with all this: play, perhaps,
a train song on fire.

Pull the bench up,
not too close, hit those
scalding keys,

the piano detuning the whole time.
Whoever knows 
how to orchestrate melody

from such destruction
is going to do fine here.
We don’t know how the piano got here

but until it’s consumed
we know exactly 
how to make it sing,

how to bring the ghost train
back to life, smoke-strung,
resurrected long enough

to fly off the rails
and tear them up as it goes;
how to call that an anthem

and build a nation around it
as we warm our hands 
on the last of the piano’s embers.


Worthy Of Suspicion

Longtown Larry
and his big-headed friend
with the unknown name
(though they’re always together)
sit talking in the town beach parking lot at sunset
in Larry’s blue Dodge Ram truck
parked at an angle to the lines
far away from the remaining few cars 
again

They’re talking about 
White supremacy or maybe sandwiches
hunting dogs or muzzle velocity
or how to dismantle the colonial state

Either that or they’re in love
and this is all they ever do about it
in this beach town where everyone
knows Longtown Larry
and his truck and the friend
with the big head and no name
who isn’t from here

It’s worthy of suspicion
on so many fronts


The Holy Land

One of my gods lives
off Pound Hill Road
near the overgrown source
of a spring. I could drive you there
in forty-five minutes.
We can get there by sunrise
if we leave now, 
and we should leave now.

Another god stays
out behind my shed
where they sit centered
in a ring
of mushrooms. 
(You call it a “fairy ring?”
I don’t.  No fairies here —
they didn’t come over with you,
no matter how you hope for that.
I have another name
for what does live here, and
I’m not telling.) 

I only go there 
when passing
from this side of the yard
to the woodpile where
there may in fact be
another god who’s squatting there
until I burn it all up. 

Neither god
seems concerned at all with me.
That suits me just fine.
I give them the space
they deserve and need;
they stay happy.

None of these gods,
in fact, care much about
what I do. They are
non-interventionist.
I pay attention to them
because the landscape 
demands I know them
and that ought to be enough.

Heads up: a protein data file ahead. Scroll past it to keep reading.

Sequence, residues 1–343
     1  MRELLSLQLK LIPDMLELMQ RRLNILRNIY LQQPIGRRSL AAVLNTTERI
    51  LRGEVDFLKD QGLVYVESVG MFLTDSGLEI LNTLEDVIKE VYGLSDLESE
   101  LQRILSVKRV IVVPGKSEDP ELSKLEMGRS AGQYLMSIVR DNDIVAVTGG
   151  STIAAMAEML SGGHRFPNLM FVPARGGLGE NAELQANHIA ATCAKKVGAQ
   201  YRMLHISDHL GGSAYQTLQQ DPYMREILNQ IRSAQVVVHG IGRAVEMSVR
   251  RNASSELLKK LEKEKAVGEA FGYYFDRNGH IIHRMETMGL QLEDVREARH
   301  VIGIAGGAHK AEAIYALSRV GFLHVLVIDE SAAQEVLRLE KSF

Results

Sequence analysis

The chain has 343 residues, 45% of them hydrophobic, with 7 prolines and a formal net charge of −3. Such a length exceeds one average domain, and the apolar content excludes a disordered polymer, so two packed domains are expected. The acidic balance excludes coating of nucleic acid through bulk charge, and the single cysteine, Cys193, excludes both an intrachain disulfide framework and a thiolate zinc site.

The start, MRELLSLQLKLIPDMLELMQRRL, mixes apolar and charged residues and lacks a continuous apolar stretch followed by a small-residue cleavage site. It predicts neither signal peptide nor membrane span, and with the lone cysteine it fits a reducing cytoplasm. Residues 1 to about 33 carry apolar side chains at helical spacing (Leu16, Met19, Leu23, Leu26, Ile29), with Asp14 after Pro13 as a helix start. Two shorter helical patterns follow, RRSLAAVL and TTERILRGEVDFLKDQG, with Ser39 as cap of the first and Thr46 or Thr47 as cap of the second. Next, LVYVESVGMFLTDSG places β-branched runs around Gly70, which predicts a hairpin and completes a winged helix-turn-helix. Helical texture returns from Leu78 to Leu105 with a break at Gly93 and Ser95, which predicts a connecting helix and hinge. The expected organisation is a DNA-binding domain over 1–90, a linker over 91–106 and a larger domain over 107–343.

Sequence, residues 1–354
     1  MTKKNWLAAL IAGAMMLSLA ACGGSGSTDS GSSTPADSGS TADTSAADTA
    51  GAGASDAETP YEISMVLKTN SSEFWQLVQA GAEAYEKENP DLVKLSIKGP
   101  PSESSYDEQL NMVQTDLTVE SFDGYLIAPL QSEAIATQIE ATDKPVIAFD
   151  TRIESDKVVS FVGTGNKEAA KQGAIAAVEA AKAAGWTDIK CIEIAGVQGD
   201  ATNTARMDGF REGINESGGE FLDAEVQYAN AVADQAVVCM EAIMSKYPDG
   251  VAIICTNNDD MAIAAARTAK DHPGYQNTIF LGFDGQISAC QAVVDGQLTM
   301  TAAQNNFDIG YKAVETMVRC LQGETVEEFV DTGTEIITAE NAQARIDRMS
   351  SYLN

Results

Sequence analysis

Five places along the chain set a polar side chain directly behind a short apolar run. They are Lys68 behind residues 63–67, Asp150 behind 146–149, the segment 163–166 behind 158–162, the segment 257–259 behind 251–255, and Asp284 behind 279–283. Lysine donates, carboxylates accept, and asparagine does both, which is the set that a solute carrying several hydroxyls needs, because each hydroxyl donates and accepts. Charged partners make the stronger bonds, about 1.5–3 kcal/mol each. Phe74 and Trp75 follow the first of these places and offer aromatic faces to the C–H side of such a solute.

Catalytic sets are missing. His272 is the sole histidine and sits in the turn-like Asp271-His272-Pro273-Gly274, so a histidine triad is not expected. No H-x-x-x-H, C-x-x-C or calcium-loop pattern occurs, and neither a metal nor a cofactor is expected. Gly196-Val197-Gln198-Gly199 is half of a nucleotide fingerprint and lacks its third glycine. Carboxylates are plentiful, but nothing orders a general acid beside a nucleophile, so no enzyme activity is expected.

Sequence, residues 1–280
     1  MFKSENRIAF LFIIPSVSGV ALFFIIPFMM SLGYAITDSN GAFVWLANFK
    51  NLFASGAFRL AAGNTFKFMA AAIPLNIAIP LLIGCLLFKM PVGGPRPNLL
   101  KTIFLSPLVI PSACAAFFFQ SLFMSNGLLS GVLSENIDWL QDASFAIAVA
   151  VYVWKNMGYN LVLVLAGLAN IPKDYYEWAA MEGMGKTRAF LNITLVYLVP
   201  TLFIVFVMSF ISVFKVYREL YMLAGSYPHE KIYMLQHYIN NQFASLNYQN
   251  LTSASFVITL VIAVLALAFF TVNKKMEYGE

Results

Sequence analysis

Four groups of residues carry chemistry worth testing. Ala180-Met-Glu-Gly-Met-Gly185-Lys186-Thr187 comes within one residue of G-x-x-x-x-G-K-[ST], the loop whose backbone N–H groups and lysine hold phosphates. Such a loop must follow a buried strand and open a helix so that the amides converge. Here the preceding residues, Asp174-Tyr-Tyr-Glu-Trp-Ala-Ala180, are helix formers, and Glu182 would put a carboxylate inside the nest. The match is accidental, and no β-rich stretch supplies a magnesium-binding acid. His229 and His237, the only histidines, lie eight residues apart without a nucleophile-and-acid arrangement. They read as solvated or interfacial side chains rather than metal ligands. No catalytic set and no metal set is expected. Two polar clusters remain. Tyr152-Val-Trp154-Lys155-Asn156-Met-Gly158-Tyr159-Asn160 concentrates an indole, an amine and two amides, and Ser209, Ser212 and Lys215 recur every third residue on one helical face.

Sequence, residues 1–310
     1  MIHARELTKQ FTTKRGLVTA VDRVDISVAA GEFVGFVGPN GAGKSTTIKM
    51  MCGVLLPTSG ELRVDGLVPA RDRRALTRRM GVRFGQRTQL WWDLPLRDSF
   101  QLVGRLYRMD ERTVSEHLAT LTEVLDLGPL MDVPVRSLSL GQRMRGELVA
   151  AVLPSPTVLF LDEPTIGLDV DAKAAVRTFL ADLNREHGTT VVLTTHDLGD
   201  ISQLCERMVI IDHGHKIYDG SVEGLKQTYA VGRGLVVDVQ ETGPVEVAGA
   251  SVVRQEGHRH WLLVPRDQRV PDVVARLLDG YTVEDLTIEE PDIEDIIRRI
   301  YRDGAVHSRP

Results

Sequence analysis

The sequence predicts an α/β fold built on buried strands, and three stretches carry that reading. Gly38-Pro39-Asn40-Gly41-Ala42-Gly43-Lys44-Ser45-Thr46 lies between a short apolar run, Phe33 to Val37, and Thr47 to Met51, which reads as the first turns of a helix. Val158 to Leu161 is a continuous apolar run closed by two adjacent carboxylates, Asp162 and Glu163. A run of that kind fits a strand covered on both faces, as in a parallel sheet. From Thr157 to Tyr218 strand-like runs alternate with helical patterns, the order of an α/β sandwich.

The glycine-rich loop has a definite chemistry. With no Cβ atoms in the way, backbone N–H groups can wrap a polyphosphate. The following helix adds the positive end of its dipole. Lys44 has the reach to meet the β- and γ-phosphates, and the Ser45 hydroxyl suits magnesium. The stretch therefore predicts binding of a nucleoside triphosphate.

I know your God — a singular
God, a capitalized God —
lives elsewhere. You get around that
by saying God is everywhere at once.

I’ve asked mine about that.
They say they’ve never seen your God
around here and having known them
for years, I think I’ll trust them on this.

The car is warmed up.
Are you coming with me?
Maybe you’ll see something
worth seeing, maybe not;

maybe you’ll deny everything
from your God to my gods
to the sacred nature of red ripe
tomatoes. Maybe you’ll be right.
Suit yourself. I’m leaving now.


No Fun

I don’t want fun. Fun’s 
for the done, the no more
joy in the work
so let’s cut and run bunch.

I do want joy. Joy’s different —
a place at once inside
and outside self. A light over all,
warming from within, a change

to air itself. Fun blows though
like a boat cutting calm apart.
Joy is the lake itself
before, during, and after;

even when disrupted, even
under attack, joy holds up. I could
sink into that.  I could drown 
in joy for real. Death in joy? Perfect,

normal, natural. There are those
who would disagree, would say pain
negates joy, death its ultimate enemy —
no. If I fall before the bullets

I won’t be having fun, but closing my eyes
on the site of struggle, shutting down
at the end of a battle knowing others
will fight on? What joy in that!


Waking From Arithmetic Sleep

Four months now
of arithmetic sleep
instead of rest. Doing

the math of rent and
utilities, his own food
versus the cat budget,
chewing on his 
inadequacies by the numbers,
his heartbreaks by the score,
until just now. 

Hard to say why;
maybe a nightbird’s call
heard during
his meager sleep
pierced his dreams
and changed them;
maybe yesterday’s storm
purged his atmosphere;
no telling. Not our place
to know for certain,
as he did not. 

All that can be said
is that he woke up
without a spreadsheet
in his head for the first time
in four months and 
while he knew it was 
just tucked away
for a moment and not gone,

he felt light enough without it 
to step out on the
soggy ground before coffee
and look at the washed streets
and the fearless sparrows
on the feeders. 


Forensic Love Song

Originally posted, 2008. Revised.

~~~~~~~~~~~~~~~~~~~~~~~~~~~~~

“the answer is always in the body”
— heard in passing; a line from a TV crime show

1.
licked and prodded,
it still refuses to express
a secret

2.
in the dark, lit blue,
misted with laden rain,
our signatures revealed:
clouds on our still skin

3.
the mottled shapes
of shared blood can be read
as a novel: here the plot
is thick, here thicker;

here is a second theme;
here, the pooling, the co-mingling,
so confusing to the outsider

though we understand
what has happened here

4.
cooling happens
at a predictable rate
once all factors are accounted for

something unknown to science
must be holding all this heat

5.
the answers
are always in the body

the body is always